Survivors include his wife of 44 years, Phyllis J. Roudybush of Annandale; two sons, Mark Roudybush of Annandale and Richard Roudybush of Fairfax County; three brothers; and two grandsons.
Daniel Willard Roberts Sr.
Daniel Willard Roberts Sr., 85, a World War II veteran and former auditor for the Internal Revenue Service, died Sept. 12 of congestive heart failure at Sunrise of George Mason in Fairfax. He lived in Arlington for many years before moving to Burke in 1991.
Mr. Roberts was born in Washington and graduated from Highland Park High School in Highland Park, Ill., where his parents had moved when he was a child. He joined the Army Air Forces in 1940 and saw combat in Normandy, northern France, the Rhineland and the Ardennes.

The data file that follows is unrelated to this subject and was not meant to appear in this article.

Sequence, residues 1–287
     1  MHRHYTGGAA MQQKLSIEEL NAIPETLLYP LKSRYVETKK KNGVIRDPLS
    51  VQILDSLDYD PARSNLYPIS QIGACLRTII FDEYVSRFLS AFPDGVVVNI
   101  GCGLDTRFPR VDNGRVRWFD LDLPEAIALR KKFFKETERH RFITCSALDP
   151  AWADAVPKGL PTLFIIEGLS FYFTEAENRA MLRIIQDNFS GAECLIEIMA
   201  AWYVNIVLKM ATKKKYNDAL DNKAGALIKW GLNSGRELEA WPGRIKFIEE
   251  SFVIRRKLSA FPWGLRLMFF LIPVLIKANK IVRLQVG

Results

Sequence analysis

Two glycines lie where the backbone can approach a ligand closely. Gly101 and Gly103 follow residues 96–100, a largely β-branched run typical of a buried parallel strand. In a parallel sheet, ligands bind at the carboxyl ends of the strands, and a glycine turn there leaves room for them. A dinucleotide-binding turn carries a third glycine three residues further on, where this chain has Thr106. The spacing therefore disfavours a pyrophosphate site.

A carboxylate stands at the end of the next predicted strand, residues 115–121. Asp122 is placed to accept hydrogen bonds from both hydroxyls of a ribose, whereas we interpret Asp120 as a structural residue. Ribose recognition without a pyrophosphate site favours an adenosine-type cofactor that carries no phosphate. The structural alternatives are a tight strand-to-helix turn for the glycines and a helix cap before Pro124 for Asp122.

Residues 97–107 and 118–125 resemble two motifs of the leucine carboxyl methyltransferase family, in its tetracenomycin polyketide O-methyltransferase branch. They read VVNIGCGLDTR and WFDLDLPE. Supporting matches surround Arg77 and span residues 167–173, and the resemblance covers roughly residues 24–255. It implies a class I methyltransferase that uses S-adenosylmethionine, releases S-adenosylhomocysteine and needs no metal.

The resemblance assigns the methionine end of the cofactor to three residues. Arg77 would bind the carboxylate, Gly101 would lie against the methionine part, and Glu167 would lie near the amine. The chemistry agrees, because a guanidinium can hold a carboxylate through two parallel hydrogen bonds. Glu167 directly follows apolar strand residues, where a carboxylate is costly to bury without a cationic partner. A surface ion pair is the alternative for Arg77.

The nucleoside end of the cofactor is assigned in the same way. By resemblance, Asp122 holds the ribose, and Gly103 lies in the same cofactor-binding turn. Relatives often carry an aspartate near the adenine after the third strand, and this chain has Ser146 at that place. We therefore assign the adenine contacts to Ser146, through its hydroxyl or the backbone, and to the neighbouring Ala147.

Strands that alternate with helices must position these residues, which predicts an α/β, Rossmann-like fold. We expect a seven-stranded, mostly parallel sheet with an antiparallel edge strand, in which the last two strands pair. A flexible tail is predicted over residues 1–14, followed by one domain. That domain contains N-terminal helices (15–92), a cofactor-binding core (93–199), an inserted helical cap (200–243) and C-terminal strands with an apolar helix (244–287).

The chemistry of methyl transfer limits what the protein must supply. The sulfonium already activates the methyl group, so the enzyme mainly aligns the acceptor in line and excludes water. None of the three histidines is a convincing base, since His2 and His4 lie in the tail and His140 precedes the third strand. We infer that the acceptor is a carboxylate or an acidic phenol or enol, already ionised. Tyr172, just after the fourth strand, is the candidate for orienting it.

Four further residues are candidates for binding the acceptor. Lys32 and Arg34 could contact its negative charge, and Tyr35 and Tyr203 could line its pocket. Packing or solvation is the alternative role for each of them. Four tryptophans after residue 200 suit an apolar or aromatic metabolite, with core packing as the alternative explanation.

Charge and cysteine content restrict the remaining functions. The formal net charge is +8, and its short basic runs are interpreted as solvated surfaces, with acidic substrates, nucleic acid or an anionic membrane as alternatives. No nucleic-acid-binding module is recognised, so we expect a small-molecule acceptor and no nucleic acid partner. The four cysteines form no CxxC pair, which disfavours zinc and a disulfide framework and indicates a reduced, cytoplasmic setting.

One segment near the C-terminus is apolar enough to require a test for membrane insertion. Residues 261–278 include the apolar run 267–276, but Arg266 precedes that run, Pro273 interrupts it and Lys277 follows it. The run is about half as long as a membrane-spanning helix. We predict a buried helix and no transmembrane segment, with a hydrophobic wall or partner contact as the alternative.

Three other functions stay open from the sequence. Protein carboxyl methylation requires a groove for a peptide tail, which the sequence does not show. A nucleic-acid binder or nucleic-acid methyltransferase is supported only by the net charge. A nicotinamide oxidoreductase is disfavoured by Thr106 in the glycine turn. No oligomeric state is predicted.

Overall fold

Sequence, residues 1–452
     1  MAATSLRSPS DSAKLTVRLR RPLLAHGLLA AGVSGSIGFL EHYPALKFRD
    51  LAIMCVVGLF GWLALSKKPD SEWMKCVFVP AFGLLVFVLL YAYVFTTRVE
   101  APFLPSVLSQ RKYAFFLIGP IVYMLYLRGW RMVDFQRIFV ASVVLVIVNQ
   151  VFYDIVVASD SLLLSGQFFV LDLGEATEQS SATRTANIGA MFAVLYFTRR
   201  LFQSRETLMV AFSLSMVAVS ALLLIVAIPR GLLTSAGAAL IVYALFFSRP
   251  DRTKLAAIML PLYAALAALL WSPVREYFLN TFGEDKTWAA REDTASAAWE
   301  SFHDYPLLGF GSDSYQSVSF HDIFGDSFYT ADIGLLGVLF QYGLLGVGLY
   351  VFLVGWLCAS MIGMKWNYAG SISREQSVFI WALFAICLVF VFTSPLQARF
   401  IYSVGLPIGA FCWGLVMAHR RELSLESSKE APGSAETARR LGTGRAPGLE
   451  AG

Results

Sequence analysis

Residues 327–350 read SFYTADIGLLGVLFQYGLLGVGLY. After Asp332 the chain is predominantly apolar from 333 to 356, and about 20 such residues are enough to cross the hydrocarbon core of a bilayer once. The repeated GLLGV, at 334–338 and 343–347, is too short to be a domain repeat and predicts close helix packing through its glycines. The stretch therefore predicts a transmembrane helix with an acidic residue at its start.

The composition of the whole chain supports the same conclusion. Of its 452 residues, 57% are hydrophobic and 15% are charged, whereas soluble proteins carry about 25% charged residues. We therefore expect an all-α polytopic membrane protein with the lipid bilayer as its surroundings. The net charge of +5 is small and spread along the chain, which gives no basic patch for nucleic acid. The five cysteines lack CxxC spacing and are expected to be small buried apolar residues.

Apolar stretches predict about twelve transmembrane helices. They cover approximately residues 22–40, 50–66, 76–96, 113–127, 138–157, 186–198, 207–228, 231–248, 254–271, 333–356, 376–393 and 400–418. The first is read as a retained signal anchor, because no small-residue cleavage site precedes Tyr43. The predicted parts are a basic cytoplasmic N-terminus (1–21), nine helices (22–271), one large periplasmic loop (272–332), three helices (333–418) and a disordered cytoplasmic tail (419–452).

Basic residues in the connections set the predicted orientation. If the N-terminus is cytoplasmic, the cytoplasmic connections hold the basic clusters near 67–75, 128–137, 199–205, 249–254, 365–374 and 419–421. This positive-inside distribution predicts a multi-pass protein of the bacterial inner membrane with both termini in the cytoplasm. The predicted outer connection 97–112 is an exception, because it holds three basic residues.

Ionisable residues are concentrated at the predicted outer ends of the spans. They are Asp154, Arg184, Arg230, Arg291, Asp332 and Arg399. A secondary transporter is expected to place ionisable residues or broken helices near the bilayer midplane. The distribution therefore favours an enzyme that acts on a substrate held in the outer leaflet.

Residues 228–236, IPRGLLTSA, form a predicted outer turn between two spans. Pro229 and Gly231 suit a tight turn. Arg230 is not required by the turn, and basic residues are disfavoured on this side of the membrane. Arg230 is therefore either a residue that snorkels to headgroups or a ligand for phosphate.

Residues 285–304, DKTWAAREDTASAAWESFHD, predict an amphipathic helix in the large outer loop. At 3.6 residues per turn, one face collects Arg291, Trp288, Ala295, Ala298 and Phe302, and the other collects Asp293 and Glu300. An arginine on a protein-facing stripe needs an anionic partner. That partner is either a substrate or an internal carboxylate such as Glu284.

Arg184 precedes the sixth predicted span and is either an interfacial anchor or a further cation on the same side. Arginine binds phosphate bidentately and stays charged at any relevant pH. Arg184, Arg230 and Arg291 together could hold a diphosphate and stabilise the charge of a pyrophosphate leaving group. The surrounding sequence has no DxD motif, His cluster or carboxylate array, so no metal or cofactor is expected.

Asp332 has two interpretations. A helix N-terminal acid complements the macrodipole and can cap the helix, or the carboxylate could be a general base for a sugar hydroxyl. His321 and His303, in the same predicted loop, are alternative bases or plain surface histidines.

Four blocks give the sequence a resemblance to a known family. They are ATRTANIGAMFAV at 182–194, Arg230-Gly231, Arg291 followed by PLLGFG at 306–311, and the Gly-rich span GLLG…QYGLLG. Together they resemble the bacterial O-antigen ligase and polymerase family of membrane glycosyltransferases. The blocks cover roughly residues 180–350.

After leaving the service in 1945, he graduated with an accounting degree from Ben Franklin Universty in Washington. He joined the IRS in 1947 and retired in 1973 as an auditor.
In retirement, he was a member of the Arlington branch of the Veterans of Foreign Wars and a former post commander of the Baltimore branch. He also was a member of Clarendon United Methodist Church and volunteered for the Arlington public library.
Survivors include his wife of 58 years, Doris Kinsella Roberts of Burke; two sons, Daniel Willard Roberts Jr. of Fairfax and David Alan Roberts of Burke; two brothers; and three grandchildren.
Richard E. Sheppard
Labor Department Official